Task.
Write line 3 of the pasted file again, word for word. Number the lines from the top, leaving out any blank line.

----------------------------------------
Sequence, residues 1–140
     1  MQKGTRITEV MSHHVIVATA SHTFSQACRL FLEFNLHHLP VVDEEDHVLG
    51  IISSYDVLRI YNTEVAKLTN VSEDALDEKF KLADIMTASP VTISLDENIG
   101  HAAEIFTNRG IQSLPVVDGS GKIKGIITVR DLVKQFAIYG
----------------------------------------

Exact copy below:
    51  IISSYDVLRI YNTEVAKLTN VSEDALDEKF KLADIMTASP VTISLDENIG